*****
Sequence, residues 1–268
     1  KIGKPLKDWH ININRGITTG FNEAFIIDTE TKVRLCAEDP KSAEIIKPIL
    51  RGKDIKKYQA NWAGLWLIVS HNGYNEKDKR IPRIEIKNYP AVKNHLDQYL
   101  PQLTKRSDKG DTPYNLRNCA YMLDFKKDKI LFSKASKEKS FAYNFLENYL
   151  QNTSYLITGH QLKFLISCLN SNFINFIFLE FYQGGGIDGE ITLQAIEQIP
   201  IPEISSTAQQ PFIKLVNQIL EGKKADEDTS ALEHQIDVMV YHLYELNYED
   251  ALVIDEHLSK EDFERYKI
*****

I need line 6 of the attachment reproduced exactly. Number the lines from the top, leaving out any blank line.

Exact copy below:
   201  IPEISSTAQQ PFIKLVNQIL EGKKADEDTS ALEHQIDVMV YHLYELNYED